Office Space is a 1999 satirical comedy.  It stars Ron Livingston as Peter Gibbons, Jennifer Aniston as Joanna, David Herman as Michael Bolton, Ajay Naidu as Samir, Diedrich Bader as Lawrence, and Gary Cole as Bill Lumbergh.  The producers are Daniel Rappaport (TV’s “King of the Hill”), and Michael Rotenberg (Encino Man).  It is directed by Mike Judge (TV’s “Beavis and Butthead”).

The story is about an unhappy programmer named Peter Gibbons who works at Initech.  He loathes going to work and constantly hearing about his mistakes from his boss Bill Lumbergh who never seems to listen to him.  One Friday night after a long week at work, Peter goes to see an occupational hypnotherapist named Dr. Swanson.  He sends Peter into a state of relaxation but before he can bring him out of it, Swanson suddenly has a heart attack and dies.  Peter, still relaxed, returns home for the night.  The next morning he sleeps in, ignoring calls from Lumbergh to come in to work.  His girlfriend Anne calls him and wonders why he isn’t at work.  He hangs up on her while she is lecturing him.  She calls right back and leaves an angry message breaking up with him.  The following Monday, he doesn’t return to work.  Instead, he goes to a local restaurant where there is an attractive waitress named Joanna whom he was too scared to ask out, but now does.  He explains to her about his new way of life, deciding not to go to work simply because he doesn’t feel like it.  Peter goes to work only to pick up his address book but his friend Michael Bolton tells him that he has a meeting with two consultants who are both named Bob.  They are impressed by Peter’s honesty about how unmotivating his job is and how many different bosses he has to report to.  As a result of this, he is promoted while his friends Michael and Samir are laid off.  The three friends decide to send Initech a computer virus that sends fractions of a penny from it to a special bank account that they control.  But, upon checking the balance a few days later, discover that it sent too much money to that account and Initech would notice that it was missing.  They start to panic about what may happen to them when they are caught.  Peter decides to take all the blame, as it was his idea to begin with.  He writes a confession note to Lumbergh and puts it in an envelope along with the money and leaves it under his supervisor’s office door.  Peter then prepares himself to go to jail.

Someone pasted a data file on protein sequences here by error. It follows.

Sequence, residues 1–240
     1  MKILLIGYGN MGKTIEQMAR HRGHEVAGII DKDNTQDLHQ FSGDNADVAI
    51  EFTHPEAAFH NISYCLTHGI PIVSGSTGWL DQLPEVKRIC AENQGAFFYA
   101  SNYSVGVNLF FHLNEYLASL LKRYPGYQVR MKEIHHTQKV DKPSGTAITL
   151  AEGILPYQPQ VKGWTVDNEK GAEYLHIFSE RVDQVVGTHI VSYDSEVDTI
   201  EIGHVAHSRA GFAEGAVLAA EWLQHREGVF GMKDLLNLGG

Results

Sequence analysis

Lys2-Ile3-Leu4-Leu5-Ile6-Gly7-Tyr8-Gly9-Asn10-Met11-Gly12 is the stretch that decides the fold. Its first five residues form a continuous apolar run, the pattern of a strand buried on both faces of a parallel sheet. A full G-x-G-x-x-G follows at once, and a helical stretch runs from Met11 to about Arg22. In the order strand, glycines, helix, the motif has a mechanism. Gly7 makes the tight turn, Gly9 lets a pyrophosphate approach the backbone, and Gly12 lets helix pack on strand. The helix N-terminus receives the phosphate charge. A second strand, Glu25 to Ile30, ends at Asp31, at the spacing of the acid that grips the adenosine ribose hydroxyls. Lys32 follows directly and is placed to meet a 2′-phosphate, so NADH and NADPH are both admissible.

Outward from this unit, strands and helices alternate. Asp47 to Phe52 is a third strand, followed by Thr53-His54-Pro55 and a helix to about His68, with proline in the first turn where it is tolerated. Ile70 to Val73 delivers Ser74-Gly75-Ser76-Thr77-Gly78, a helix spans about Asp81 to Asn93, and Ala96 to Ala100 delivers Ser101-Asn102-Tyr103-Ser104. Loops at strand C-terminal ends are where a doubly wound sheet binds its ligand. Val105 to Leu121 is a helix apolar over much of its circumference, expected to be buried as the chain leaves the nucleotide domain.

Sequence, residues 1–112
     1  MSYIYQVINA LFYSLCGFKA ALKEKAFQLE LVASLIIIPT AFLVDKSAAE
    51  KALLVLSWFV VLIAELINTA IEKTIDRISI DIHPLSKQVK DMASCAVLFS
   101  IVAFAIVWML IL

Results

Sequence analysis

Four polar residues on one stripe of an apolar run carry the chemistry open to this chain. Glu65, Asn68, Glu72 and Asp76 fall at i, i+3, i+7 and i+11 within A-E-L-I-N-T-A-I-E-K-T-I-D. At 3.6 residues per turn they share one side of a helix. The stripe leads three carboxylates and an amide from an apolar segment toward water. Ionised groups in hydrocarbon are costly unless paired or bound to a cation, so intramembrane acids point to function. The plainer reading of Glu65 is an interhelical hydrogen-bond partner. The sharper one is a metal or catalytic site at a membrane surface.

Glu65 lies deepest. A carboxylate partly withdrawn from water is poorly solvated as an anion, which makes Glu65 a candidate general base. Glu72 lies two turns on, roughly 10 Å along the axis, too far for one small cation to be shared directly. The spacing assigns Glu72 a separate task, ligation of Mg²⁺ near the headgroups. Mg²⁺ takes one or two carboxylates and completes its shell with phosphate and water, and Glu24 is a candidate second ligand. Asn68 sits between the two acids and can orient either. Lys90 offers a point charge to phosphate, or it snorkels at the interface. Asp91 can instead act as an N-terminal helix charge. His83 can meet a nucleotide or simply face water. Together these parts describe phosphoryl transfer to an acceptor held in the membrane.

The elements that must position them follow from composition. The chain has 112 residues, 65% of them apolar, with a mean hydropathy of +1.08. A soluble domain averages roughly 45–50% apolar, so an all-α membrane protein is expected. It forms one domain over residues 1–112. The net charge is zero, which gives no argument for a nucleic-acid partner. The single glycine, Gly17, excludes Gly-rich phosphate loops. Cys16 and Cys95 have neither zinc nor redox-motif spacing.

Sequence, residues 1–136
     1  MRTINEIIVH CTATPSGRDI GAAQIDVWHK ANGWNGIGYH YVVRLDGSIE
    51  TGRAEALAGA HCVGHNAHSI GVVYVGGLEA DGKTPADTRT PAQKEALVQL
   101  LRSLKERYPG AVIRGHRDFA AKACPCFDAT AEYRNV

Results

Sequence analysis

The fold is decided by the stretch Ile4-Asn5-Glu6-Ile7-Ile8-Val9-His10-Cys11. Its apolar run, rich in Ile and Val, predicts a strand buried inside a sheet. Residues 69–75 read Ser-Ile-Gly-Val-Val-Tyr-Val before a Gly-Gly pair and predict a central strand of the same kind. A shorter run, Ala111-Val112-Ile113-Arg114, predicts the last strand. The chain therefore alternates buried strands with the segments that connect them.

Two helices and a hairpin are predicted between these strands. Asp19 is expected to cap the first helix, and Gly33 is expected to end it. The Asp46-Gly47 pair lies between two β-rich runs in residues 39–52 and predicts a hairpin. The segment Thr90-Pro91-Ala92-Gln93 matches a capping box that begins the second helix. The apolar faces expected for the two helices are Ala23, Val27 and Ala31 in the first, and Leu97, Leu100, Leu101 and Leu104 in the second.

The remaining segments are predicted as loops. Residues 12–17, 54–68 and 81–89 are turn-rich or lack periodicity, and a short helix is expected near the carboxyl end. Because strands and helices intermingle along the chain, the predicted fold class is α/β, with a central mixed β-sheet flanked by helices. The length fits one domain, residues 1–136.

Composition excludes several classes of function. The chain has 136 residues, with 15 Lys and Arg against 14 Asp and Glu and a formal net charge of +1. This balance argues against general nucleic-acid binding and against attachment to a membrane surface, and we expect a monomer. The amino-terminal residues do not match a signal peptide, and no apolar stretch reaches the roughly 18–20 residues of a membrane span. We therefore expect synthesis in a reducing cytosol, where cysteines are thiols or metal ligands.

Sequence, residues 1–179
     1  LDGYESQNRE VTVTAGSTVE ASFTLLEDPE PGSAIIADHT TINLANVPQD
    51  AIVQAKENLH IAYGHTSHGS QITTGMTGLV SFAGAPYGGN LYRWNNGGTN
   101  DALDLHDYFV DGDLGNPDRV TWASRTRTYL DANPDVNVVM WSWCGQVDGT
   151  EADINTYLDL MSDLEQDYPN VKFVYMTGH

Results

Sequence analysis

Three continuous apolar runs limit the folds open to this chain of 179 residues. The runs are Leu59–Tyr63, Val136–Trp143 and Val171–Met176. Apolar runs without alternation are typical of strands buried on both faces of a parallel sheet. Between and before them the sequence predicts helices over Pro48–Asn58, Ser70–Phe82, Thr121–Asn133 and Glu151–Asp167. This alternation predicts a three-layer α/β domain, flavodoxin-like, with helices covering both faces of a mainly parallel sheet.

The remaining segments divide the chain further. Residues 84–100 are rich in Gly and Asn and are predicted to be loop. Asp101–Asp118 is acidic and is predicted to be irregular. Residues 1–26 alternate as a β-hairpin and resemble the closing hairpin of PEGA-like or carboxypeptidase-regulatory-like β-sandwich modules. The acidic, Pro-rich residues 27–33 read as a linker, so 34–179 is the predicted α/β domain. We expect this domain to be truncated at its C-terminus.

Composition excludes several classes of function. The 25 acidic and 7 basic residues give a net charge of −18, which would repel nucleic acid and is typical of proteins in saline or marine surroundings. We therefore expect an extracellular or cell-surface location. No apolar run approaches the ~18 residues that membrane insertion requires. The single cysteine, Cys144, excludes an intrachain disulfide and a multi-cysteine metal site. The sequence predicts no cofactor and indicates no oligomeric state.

What makes this movie so funny is that everything in it is true, mainly in regards to what life is like working in an office everyday.  The film opens with Peter Gibbons in a traffic jam on the way to work on a Monday morning.  When he sees a lane of traffic is going faster, he pulls into that lane only to stop while the lane he was in starts moving again.  Just after arriving at work, his bosses immediately come down on him for not putting the proper cover page on his last TPS report.  First Bill Lumbergh tells him about it while Peter tells him that he recognized the mistake and won’t do it again.  Lumbergh doesn’t seem to hear this as he informs Peter that he’ll get another copy of the memo sent out to him, even though Peter already has it.  Then another one of his bosses, Dom, comes up to his cubicle and essentially tells Peter the same thing that Lumbergh just did.

One of the great performances in Office Space is Stephen Root’s portrayal of the mumbling programmer Milton Waddams.  Milton is constantly being asked to move his desk back until finally he is moved down to the basement all by himself.  But the one constant is his red stapler which Lumbergh takes back, secretly infuriating Milton.  Also, there is a scene when the whole office is celebrating Bill Lumbergh’s birthday.  As they are passing out pieces of cake, Milton explains that last time he didn’t get a piece and this time he’ll be sure to get one.  Instead of sympathizing with him, one of his coworkers tells him to keep passing.  When all the pieces have been taken, Milton is again left with no piece of cake.

To wrap, Office Space is an extremely funny film because of its accuracy in depicting the many unpleasantries of life in a cubicle office.